We can't count on environmental assessment process for a fair decision on Enbridge Gateway oilsands pipeline

Blog - June 29, 2010 - By Karen Campbell

As the Enbridge Gateway oilsands pipeline proposal lurches toward the environmental assessment process, B.C. Premier Gordon Campbell is on record saying: "Enbridge has a proposal which is going through a process . . . It will include the most rigorous environmental regime there is anywhere in North America."

While it sounds nice, the reality is that the increasingly controversial pipeline will be reviewed by a Joint Review Panel established by the National Energy Board and Canadian Environmental Assessment Agency. And if the Mackenzie Gas Project is any indication, there are some very real problems with how the federal government is making decisions about major energy projects.

There's good reason opponents of the Enbridge project are wary of trusting the environmental assessment process. To illustrate why, let's look at the Joint Review Panel tasked with reviewing the Mackenzie Gas Project, a 1,300-kilometre natural gas pipeline in the Northwest Territories.

The panel consisted of seven diverse members, including four from the Northwest Territories, who spent six years conducting research and hearings before issuing 176 recommendations to mitigate harmful environmental and socio-economic effects. But guess what? Of the 115 of those recommendations directed at the federal and territorial governments, only 10 have been fully accepted.

In other words, even after a comprehensive hearing process, it appears the federal government is going to disregard the advice of its panel. And given that the panel developed these recommendations after considering the input of Aboriginal peoples, local citizens and more, this disrespect extends to them, too.

If approved, the Enbridge Gateway oilsands pipeline will open B.C.'s North Coast to crude oil tankers.In the case of the Enbridge Gateway oilsands pipeline, however, the situation is much worse to start off with. The Joint Review Panel only consists of three people — none of whom are from B.C. Two are from Calgary; the third is a First Nations person from northern Ontario.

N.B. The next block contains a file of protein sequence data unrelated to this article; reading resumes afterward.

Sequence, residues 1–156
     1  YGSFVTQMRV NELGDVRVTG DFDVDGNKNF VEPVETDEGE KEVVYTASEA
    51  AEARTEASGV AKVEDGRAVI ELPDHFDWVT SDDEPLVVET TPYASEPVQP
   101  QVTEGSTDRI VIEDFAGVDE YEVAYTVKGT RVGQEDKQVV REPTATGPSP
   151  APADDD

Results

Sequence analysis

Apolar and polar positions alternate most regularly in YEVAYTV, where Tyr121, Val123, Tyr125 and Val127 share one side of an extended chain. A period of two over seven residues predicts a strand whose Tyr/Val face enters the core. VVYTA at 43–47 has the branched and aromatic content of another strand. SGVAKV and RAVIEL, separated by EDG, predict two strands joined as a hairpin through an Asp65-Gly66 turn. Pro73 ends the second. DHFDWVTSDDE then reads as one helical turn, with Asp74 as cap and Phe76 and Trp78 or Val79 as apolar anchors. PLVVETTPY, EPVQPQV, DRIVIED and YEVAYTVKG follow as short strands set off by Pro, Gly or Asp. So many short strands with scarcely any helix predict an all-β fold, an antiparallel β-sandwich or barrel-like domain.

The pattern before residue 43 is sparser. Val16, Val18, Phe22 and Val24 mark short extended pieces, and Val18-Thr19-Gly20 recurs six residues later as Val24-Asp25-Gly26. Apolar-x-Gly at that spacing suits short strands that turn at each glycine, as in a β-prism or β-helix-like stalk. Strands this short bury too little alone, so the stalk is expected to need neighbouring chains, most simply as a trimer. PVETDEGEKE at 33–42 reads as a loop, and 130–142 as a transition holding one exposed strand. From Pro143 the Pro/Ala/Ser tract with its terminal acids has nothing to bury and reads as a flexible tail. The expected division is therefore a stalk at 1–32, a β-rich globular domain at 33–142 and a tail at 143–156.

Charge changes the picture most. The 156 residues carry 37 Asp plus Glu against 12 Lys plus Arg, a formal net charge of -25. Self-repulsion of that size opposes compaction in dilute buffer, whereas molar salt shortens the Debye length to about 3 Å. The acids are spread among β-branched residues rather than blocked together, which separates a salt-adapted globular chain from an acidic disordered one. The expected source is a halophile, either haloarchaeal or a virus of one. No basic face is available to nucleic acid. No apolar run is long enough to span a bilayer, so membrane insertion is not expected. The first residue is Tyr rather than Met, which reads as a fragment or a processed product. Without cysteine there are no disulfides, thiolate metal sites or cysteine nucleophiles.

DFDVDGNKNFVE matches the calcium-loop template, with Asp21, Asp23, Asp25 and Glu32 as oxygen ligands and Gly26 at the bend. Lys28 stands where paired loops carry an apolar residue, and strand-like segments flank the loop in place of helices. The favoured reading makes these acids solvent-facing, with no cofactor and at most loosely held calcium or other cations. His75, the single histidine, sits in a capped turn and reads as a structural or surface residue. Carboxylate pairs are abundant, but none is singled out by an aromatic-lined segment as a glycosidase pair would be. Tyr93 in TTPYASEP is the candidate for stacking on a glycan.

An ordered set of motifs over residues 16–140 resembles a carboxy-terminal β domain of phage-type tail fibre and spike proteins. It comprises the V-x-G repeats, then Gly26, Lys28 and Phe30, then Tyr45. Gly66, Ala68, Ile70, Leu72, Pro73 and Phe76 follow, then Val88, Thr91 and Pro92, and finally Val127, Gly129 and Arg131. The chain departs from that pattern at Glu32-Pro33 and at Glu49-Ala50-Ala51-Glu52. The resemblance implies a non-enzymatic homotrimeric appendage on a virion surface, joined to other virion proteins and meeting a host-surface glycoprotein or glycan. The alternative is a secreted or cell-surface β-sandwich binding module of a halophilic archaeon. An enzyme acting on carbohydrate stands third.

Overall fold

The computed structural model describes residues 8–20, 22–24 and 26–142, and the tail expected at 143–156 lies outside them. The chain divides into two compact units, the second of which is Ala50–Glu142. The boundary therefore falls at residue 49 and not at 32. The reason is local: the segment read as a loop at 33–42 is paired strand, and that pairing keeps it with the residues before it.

So, let's get this straight: a 1,300-km natural gas pipeline project gets reviewed by a diverse seven-member panel, some of whom have a first-hand understanding of northern issues, but a twin 1,170-km oilsands pipeline (2,340 km in total), which opens B.C.'s North Coast to crude oil tankers only gets reviewed by a panel of three people with no first-hand knowledge of the region?

This is starting to sound like a bad political satire. Unfortunately, it's real life — and the consequences of rubber-stamping the Enbridge pipeline are tremendous.

While Enbridge may claim the chance of a major oil tanker spill due to this project is "minimal," keep in mind that BP also said the chance of a spill in the Gulf was "unlikely." To top it off, Enbridge ultimately bears no responsibility beyond the tanker port anyway. It's easy to make promises you don't have to keep.

Unlike BP's Deepwater Horizion rig, which was exempted from a formal environmental impact analysis, at least the Enbridge Gateway oilsands pipeline will undergo an environmental assessment, but the credibility of this assessment is starting out on shaky ground, and the panel hasn't even started its hearings yet.

Download our full comparison of the review process for the Mackenzie Gas Project and the Enbridge oilsands pipeline.


Karen Campbell

Karen Campbell was a director of strategy and provided legal expertise to the Pembina Institute until 2010.


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